PVM Hosts Students in Promising New Partnership with Universities in Colombia and Chile
Three final-year veterinary students from South America have been visiting Lynn Hall this summer as part of two new partnerships formed between the Purdue University College of Veterinary Medicine and Universidad de Antioquia, located in Colombia, and Universidad Austral de Chile, which is a Chilean research university.
In South America, the process for securing a DVM degree involves five years of post-high school education, as opposed to the eight years that are customary in the United States. As part of their education, the students choose three concentrations to study during their first four years of veterinary school, then they choose one of the three to focus on and specialize in during their final year.
Maria Agudelo is a fifth-year veterinary student at Universidad de Antioquia and chose a concentration in clinical pathology for her final year, which she will finish in the next month. Over the course of a ten-week visit to Purdue, she worked closely with the College’s Clinical Pathology Laboratory. She said that she learned a lot from Dr. Craig Thompson, clinical associate professor of veterinary clinical pathology, who served as her mentor. “I thoroughly enjoyed my time here,” Maria said.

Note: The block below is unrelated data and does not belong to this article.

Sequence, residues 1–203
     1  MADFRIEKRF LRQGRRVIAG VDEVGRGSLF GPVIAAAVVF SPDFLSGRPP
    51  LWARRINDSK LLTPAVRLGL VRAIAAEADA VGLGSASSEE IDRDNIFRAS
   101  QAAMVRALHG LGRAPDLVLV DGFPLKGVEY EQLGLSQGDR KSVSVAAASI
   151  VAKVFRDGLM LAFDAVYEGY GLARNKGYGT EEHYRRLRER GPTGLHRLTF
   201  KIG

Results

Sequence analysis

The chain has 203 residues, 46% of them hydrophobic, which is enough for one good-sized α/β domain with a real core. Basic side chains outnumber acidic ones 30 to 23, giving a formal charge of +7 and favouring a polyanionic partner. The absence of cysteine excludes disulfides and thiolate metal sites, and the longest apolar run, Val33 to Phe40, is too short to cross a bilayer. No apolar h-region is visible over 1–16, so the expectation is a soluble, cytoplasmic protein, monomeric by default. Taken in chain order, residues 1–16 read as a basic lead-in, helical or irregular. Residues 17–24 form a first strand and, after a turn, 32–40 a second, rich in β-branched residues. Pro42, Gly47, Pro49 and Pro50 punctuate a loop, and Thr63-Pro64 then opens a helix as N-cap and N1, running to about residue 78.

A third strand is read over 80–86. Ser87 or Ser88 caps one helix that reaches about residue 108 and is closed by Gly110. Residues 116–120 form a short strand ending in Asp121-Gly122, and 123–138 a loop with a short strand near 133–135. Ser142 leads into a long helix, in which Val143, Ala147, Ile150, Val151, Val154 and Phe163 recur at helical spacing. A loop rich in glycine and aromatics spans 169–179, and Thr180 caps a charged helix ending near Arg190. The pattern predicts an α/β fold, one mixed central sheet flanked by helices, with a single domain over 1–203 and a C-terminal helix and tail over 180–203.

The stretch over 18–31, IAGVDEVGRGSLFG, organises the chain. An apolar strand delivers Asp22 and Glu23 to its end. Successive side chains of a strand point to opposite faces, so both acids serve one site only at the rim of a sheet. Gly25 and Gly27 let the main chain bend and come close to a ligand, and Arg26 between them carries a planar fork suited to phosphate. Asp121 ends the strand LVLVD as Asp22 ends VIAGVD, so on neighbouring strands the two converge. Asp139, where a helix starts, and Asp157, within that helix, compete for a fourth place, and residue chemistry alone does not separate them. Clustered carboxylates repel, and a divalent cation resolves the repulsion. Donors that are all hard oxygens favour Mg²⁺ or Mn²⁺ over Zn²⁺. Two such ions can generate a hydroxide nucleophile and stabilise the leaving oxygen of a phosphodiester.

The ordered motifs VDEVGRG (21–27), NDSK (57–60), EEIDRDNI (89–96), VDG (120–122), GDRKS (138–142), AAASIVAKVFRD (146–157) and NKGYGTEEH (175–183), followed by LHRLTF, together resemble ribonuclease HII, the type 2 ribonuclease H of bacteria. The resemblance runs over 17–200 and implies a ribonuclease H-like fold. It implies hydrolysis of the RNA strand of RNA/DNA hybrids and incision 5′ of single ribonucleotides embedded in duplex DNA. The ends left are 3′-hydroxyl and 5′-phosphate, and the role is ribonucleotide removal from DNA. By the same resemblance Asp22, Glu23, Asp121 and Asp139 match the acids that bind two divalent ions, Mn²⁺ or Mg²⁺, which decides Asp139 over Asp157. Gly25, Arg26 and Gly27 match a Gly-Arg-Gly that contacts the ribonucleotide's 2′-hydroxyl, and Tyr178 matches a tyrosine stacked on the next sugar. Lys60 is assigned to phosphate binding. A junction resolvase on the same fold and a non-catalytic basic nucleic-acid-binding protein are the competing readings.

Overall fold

Drs. Gabriela Mandiola and Constanza Salinas are veterinary graduates from Universidad Austral de Chile. They both chose an equine focus and are working in the Purdue Veterinary Hospital’s Large Animal Hospital. One of their professors back home, Dr. Benjamin Uberti, completed his residency at Purdue Veterinary Medicine and studied under Dr. Janice Kritchevsky, professor of large animal internal medicine. Dr. Kritchevsky now is mentoring Dr. Salinas, who is completing her master’s degree and doing research here. Dr. Mandiola graduated from veterinary school in May of this year and is visiting Purdue this summer to complete an externship, which includes working with patients in the clinic, performing procedures, and being involved in community practice.
Purdue veterinary students have visited both of these South American universities in the past for internships and externships, but this is the first time PVM has hosted students visiting from these institutions. “We hope that this is the beginning of two strong partnerships,” said Will Smith, II, PVM director of global engagement. Maria already has returned to her university in Colombia, but Drs. Mandiola and Salinas will be here until late August, so please give them a warm PVM greeting when you see them around Lynn Hall!
Writer(s): Maya Sanaba, PVM Communications Intern | firstname.lastname@example.org